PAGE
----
First, four weeks after his speech, we still don’t know exactly what Xi meant. His pledge was made with a brief sentence, promising that “China” would increase support for green energy and not “build new coal-fired power projects abroad.” Does “China” only refer to state-owned or also private companies? Does “build” also include finance? Does the ban on “new” coal projects include those already planned but not yet constructed? These questions remain unanswered.

China's progress in strengthening measures to tackle money laundering and terrorist financing


Introduction

The FATF Plenary adopted the mutual evaluation report (MER) of China in February 20191 and its 1st enhanced follow-up report (FUR) with technical compliance reratings in October 2020. 2 This 2nd enhanced FUR analyses China’s progress in addressing the technical compliance deficiencies identified in its MER relating to Recommendations 3, 8, 16, 18, 29, 35 and 38. No Recommendations have changed since the adoption of its 1st enhanced FUR.

Re-ratings are given where sufficient progress has been made. Overall, the expectation is that countries will have addressed most if not all technical compliance deficiencies by the end of the third year from the adoption of their MER. This report does not address what progress China has made to improve its effectiveness.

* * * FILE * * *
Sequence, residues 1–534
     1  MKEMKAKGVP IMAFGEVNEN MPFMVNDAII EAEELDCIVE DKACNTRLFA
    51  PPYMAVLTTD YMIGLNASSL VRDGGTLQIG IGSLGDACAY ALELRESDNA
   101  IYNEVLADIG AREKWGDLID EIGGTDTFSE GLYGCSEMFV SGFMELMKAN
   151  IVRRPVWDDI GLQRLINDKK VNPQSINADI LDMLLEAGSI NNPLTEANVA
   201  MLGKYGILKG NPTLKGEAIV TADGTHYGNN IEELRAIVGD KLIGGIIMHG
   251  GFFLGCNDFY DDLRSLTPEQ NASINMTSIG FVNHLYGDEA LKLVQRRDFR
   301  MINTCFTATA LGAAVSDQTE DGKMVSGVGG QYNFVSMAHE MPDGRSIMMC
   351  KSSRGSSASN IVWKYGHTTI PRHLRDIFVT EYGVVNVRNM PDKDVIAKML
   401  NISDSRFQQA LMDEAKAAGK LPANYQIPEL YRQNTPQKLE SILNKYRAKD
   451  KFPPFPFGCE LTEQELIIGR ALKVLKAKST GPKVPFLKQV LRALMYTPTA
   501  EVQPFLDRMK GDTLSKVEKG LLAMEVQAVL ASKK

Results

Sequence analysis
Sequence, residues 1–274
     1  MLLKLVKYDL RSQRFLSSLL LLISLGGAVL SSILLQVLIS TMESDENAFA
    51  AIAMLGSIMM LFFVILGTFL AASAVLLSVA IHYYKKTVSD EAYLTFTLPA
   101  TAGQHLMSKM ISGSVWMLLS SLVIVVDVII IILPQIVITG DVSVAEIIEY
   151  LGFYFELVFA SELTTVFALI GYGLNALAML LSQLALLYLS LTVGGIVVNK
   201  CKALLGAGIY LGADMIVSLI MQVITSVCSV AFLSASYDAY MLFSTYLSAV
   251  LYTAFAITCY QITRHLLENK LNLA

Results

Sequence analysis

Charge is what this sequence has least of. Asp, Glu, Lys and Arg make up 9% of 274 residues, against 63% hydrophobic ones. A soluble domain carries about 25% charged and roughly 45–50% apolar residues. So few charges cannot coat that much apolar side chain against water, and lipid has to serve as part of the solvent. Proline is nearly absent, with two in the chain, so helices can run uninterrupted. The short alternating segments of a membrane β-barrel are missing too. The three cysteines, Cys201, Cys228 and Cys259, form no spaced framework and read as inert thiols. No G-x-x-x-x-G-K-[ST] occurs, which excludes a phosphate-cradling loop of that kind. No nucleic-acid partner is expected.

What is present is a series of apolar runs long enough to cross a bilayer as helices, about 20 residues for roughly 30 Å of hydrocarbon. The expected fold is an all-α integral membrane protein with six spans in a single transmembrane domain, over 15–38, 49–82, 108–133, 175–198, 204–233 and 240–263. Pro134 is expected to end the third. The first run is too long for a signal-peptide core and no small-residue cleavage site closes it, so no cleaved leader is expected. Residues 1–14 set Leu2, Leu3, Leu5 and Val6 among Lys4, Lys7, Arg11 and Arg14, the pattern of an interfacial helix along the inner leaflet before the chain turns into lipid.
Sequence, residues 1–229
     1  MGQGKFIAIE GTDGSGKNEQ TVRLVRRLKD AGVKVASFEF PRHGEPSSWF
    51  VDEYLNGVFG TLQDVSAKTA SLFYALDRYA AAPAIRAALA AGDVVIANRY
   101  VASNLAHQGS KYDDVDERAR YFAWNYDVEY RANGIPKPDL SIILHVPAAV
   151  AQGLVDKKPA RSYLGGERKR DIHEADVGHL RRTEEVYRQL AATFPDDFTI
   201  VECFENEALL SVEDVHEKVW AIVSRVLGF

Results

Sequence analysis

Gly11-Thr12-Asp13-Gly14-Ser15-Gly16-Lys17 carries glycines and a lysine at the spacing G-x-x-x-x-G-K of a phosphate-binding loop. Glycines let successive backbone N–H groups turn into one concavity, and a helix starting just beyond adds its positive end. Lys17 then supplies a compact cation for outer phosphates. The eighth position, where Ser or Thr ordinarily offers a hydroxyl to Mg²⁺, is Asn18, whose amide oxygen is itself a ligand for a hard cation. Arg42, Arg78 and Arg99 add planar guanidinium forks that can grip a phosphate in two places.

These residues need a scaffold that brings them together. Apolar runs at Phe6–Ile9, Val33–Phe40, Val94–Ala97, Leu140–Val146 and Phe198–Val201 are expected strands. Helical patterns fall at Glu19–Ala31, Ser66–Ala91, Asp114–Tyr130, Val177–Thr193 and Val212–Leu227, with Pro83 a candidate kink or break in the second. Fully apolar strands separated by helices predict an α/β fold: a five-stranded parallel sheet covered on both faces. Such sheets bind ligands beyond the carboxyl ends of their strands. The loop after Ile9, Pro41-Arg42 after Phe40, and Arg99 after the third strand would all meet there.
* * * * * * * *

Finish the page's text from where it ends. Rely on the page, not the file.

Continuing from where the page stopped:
CHINA'S DATA STRATEGY

Camille Boullenois

INTRODUCTION
In 2019 and 2020, the European Union (1), the United Kingdom (2) and the United States (3)issued strategy papers on data governance acknowledging the importance of data to their economic development and national security. With different emphases, four competing objectives dominate these data strategies: innovation (using data to create new business models and boost economic growth); security (ensuring that sensitive data is not used by a hostile foreign power); privacy (protecting citizens from abusive use of personal data); and surveillance (using data to monitor and control citizens’ and companies’ behaviour).

In the past two years, China has been defining its own data strategy and governance regime and, while juggling the same four competing objectives as its Western counterparts, is taking an innovative approach. While the specific data governance framework is still being debated among scholars, policymakers, industrial lobbyists and state institutions, local pilot regulations on data and stakeholders’ public positions have already hinted at its future characteristics.